William Craig was a UY student from 1960 to 1965. In 1963, Mr. Craig participated in the International Student YMCA exchange program, a summer program for North American students working on local YMCA projects. Mr. Craig worked in Tokyo building a youth retreat center. From this experience, Mr. Craig changed his educational goals. Mr. Craig received the George Williams Fellowship in 1965. He was a member of the University Y’s Men’s Club from 1967 to 1983. From 1981-1982, Mr. Craig chaired the Guthrie Benefit. He was also on the Board of Management for 5 years and chairing it for a year. Mr. Craig is the founder of the UY Legacy Committee which is still in existence today. Mr. Craig received the UY Ethical Leadership Award in 2004 and the UY ‘Honoring our Leaders Award” in 2008.


Joe Dobberke joined Y-Buddies the school year of 2002-2003 and is still friends with his "Little Buddy", Cody. Mr. Dobberke became a school group leader for Y-Buddies in 2003, a coordinator of the program in 2004, and a student board member in 2005. Upon graduating from college, Mr. Dobberke joined the UY Community Board and was the Y Partners Chair for two years. Because of his commitment to the mission of the UY and his ethical leadership, Mr. Dobberke received many UY recognitions to include the George Williams Fellowship Award, the Sara Blosberg Award in 2006, The Honoring our Leaders Award in 2007, Community Board Special Achievement Award in 2007, and the Community Board Ethical Leadership Award in 2011.


Clarence served as Student Secretary for the Indianapolis Indiana YMCA, and was responsible for YMCA programs at Butler University and Indiana Central College from 1936-1941 Clarence served as Student Secretary for the North Central Area Council of YMCAs from 1943-1949. Next, Clarence serviced as Director of Projects, YMCA-YWCA National Student Councils from 1949-1950. Clarence Elliot was General Secretary of the UY and Executive Secretary of the Southeast Community branch of the Minneapolis YMCA from 1950 – 1960. During his tenure, he designed programs that would allow students to grow into responsible, reflective leaders and would challenge them to participate in society. Under his leadership, the UY began to focus on programming that allowed students to grow into responsible, reflective leaders with an understanding of their civic responsibilities.


Jim Gilbert started his Y experience as a detached worker. In 1984, he became the Executive Director of Urban Work and Vice President of Program Services. Jim had a long relationship with Camp Menogyn, being a guide in 1949, moving to Assistant Director in 1956, and finally Director from 1957-1962. He also served as Assistant Director of Camp Ihduhapi in 1955. Next, he moved on to serve as Executive Director of the Minnetonka branch for five years, and then Executive Director of the of the Urban Department. He then became Vice President of Program Services, and then Executive Director of the YMCA Minneapolis organization, retiring in 1994. Mr. Gilbert has been known to have an all- inclusive leadership style. Mr. Gilbert was a very strong advocate and supporter of the University Y and was very influential in garnering support for the UY through his leadership positions. Mr. Gilbert help develop the Kautz Family YMCA Archives which is located at the University of Minnesota. Known as the “Gentle Giant” or “Jumbo Jim”, he cared deeply for people, and his leadership style was to quietly lead and enable others to lead.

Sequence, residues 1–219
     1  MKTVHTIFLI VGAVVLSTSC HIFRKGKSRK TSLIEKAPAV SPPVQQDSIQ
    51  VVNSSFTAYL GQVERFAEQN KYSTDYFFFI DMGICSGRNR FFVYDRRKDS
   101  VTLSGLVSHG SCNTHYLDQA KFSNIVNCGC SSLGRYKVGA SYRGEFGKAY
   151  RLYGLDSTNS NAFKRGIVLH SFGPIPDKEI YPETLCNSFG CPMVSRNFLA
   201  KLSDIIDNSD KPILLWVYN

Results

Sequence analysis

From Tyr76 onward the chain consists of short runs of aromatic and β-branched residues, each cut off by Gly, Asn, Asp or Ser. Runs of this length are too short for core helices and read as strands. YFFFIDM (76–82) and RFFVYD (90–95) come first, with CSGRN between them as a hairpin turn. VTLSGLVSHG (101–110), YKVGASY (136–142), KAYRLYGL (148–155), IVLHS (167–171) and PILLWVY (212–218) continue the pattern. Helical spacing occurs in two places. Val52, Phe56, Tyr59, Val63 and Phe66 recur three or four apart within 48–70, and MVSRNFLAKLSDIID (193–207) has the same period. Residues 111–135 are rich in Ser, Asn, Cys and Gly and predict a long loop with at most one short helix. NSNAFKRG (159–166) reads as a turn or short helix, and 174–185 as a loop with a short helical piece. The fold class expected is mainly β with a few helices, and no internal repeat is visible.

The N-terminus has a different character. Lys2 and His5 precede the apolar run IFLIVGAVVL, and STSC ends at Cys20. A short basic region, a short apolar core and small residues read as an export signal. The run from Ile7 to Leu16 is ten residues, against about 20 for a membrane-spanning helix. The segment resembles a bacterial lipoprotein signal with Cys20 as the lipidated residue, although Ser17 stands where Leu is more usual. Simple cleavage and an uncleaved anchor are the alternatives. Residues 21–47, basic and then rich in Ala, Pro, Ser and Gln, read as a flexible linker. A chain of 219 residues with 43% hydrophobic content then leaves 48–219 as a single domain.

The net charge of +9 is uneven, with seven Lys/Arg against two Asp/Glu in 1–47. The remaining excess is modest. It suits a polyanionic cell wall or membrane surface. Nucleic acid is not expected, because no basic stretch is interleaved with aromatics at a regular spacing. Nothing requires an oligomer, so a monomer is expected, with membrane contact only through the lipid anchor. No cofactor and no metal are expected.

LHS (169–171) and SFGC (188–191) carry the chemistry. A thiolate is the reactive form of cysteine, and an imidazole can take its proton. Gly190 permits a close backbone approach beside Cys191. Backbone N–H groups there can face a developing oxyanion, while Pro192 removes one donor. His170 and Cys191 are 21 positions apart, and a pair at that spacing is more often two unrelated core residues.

Jim Gillespie has served in a many capacities for the University YMCA. But in “real life” Jim Gillespie had several careers over his lifetime which served to provide valuable experiences he shared with the Y. Jim was an attorney, a banker, and a land-developer, just to name a few. Beyond serving as the Chairman of the Board of Directors at the University of Minnesota in 1973, he also served on several committees, including the Building and Food Service Task Force (in 1970), as well as the YMCA and YWCA Facility Planning Committee (1970). Jim was also a member of the University YMCA Y’s Men’s Club, the Heritage Club, and the Century Club. During the planning of the University YMCA’s 100 Years celebration, Jim provided his insights while working on the Centennial Endowment Committee. While listing just a few of his many activities and accomplishments during his service to the University YMCA, Jim also provided behind-the scenes leadership and guidance for the professional staff over the years.


William Gould’s involvement at the UY began with his participation in the Metro Internship program in 1993. The focus of the program during that time was on leadership development, diversity, and ethics. Mr. Gould interned at HIRED, a non-profit in North Minneapolis. Because of his experience, he returned to the UY the following year to staff the program. Mr. Gould has had a commitment and passion for current UY students being exposed to and having similar experiences he had. He has volunteered his time to work with students and promote the benefits of the UY programs to donors. Mr. Gould is also completing his sixth year on the UY Community Board. Mr. Gould, who holds designations in CPA and CMA is currently a 2ndVice President of Individual Actuarial and Financial at Securian Financial Group, Incorporated


Emily Grill started at the UY in 2007 as a tutor in the Y-Tutors program her freshman year. Ms. Grill worked as a Y-Staff and Coordinator for the program. Because of her leadership skills and abilities, Ms. Grill was selected to be a member of Student Board and a liaison to the Y-Tutors program. As a student board member, Ms. Grill took on multiple leadership roles to include being the chair of the Y Partner’s campaign and assisted with the branch’s United Way campaign. She also wrote a successful Student Fee grant which provided additional resources for the UY. Ms. Grill was selected to be a UY intern focusing on the tutoring work and United Way funding. She is currently employed by Target Corporation but still finds time to volunteer as needed for the UY.